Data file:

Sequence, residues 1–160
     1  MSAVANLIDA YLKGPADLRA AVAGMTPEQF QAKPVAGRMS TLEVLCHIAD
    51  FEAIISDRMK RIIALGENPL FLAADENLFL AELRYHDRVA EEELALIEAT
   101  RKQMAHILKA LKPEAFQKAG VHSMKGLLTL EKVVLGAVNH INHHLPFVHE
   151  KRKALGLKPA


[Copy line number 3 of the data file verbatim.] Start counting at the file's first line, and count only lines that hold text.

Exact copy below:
    51  FEAIISDRMK RIIALGENPL FLAADENLFL AELRYHDRVA EEELALIEAT